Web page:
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Last post Author Topic: Legitimate app breaks popular encryption - EFS, BitLocker, TrueCrypt ...  (Read 11155 times)

Carol Haynes

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In the current Windows Secrets newsletter EFDD can crack popular encryption, even with tough random passwords:

Quote
Conventional wisdom has been that files protected with good encryption can’t be cracked.

But a new, $300, wizard-driven app can unlock BitLocker-, PGP-, and TrueCrypt-encrypted files, folders, and drives — no matter how strong a password you’re using.

It’s the sort of story that could keep you up at night. Last month, Elcomsoft released the Elcomsoft Forensic Disk Decryptor (EFDD; more info), a program that opens encrypted files without trying to guess your password or attack it with brute force (Wikipedia info). In fact, the actual password is effectively irrelevant. A long, random string such as bS2f#[voIT+?@=Uq3a,.B provides no better protection against EFDD than would "password" or "12345."

See http://windowssecret...tion-systems/#story1 for the full story.

ewemoa

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Re: Legitimate app breaks popular encryption - EFS, BitLocker, TrueCrypt ...
« Reply #1 on: February 07, 2013, 04:18:24 AM »
Thanks for the link.

Thought the following bit was worth quoting.

From the article:
Quote
Cracking passwords is the most common way to unlock encrypted files, but it isn't the only way. The keys to decrypting your darkest secrets might be floating around in RAM from the last time you opened an encrypted file. Or perhaps, if Windows ran out of physical RAM, they're sitting in your swap file. They could also be hiding in your hibernation file — assuming that you hibernate your PC.

EFDD (or a similar app) searches those areas for possible keys. It then tries any keys it finds on your encrypted files.
Sometimes it works; sometimes it doesn't.

Renegade

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Re: Legitimate app breaks popular encryption - EFS, BitLocker, TrueCrypt ...
« Reply #2 on: February 07, 2013, 05:00:50 AM »
@ewemoa - Thanks for posting that quickly... My heart sunk a bit and my stomach dropped when I first read the description. It sounded like they'd effectively gotten around the encryption entirely. Glad to hear that it's still password-based... Phew!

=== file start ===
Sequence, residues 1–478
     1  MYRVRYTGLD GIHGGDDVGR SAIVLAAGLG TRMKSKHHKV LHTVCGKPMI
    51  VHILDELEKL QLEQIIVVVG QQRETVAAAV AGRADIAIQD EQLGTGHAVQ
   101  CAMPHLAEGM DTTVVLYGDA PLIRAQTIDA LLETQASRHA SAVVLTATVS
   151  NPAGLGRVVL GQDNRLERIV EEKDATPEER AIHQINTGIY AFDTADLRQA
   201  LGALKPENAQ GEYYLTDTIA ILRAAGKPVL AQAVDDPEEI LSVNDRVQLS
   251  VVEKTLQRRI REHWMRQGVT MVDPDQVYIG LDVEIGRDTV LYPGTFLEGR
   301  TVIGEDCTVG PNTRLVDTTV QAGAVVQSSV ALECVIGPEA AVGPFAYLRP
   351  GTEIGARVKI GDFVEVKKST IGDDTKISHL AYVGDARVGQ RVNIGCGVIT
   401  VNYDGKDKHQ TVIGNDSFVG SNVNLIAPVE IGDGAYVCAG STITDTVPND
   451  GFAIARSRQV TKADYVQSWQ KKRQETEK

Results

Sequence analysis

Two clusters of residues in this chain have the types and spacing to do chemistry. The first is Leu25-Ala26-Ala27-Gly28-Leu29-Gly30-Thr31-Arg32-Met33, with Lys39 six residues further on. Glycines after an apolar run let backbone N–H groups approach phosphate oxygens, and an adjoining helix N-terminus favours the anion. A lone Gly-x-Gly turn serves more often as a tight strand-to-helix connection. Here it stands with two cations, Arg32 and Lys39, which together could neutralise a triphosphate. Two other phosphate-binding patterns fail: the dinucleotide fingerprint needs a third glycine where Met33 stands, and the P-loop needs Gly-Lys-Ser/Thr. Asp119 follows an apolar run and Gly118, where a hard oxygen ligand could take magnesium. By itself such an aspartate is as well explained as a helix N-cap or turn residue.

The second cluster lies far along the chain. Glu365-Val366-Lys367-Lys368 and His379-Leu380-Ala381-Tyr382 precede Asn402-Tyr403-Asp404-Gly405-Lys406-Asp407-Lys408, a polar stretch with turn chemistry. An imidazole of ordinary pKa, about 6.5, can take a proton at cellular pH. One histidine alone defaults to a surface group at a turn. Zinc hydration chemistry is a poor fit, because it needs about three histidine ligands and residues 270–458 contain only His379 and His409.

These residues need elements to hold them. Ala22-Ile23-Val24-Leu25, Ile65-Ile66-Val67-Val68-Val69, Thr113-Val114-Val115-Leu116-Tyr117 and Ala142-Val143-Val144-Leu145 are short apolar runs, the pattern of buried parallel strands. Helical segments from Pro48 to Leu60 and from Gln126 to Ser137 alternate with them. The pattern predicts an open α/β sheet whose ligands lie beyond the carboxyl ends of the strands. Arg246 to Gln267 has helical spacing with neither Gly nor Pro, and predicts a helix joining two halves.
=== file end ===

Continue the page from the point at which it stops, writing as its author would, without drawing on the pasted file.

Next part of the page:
Slow Down Music - Where I commit thought crimes...

Freedom is the right to be wrong, not the right to do wrong. - John Diefenbaker

f0dder

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Re: Legitimate app breaks popular encryption - EFS, BitLocker, TrueCrypt ...
« Reply #3 on: February 07, 2013, 06:36:06 AM »
Yeah, nothing to see here, really.

This has been doable for quite a while, and even outside Sekrit Forensikz, there's freely available tools to do it. The Elcomsoft program just makes it a bit more convenient (even the Firewire-DMA attack that can be used on a computer that has been locked isn't new).

Also note that this doesn't recover your passphrase - it recovers the raw encryption key. That is obviously enough to get at your data, but in no way leads to disclosure of the passphrase itself :)
- carpe noctem

40hz

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Re: Legitimate app breaks popular encryption - EFS, BitLocker, TrueCrypt ...
« Reply #4 on: February 07, 2013, 06:51:23 AM »
Yup. Nothing new here. Although I'm guessing some wannabe hackboys just might end up with their wallets or Paypal accounts being  $300 lighter if they don't do their homework before reaching for their plastic.
 8)

f0dder

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Re: Legitimate app breaks popular encryption - EFS, BitLocker, TrueCrypt ...
« Reply #5 on: February 07, 2013, 06:56:27 AM »
Yup. Nothing new here. Although I'm guessing some wannabe hackboys just might end up with their wallets or Paypal accounts being  $300 lighter if they don't do their homework before reaching for their plastic.
 8)
To be fair, the product is probably more targeted at government agencies - those tend to like high pricetags and support and all that kinda stuff :)
- carpe noctem

Stoic Joker

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Re: Legitimate app breaks popular encryption - EFS, BitLocker, TrueCrypt ...
« Reply #6 on: February 07, 2013, 06:59:59 AM »
Sory guys, I'm actually smiling about this. Encryption has long been spun as a magic bullet replacement for physical security to 'appologise' for people that can't keep track of their shit.

Oh deer... I left my laptop at the ___. What ever shall we do... Not to worry! It's [cue the super hero background music] Encryptified! Yeah!!!

Gag.

Perhaps this (is a good thing) will get people to start thinking seriously about the equally important other layers of security.

f0dder

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Re: Legitimate app breaks popular encryption - EFS, BitLocker, TrueCrypt ...
« Reply #7 on: February 07, 2013, 07:03:10 AM »
Oh deer... I left my laptop at the ___. What ever shall we do... Not to worry! It's [cue the super hero background music] Encryptified! Yeah!!!
Well, as long as you either don't use hibernation, or you use full-disk/system-partition encryption (and don't have firewire ports), you're safe. (OK, I'm not 100% sure about pagefile, but the key should be kept in unpagable memory).
- carpe noctem

40hz

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Re: Legitimate app breaks popular encryption - EFS, BitLocker, TrueCrypt ...
« Reply #8 on: February 07, 2013, 07:07:41 AM »
Yup. Nothing new here. Although I'm guessing some wannabe hackboys just might end up with their wallets or Paypal accounts being  $300 lighter if they don't do their homework before reaching for their plastic.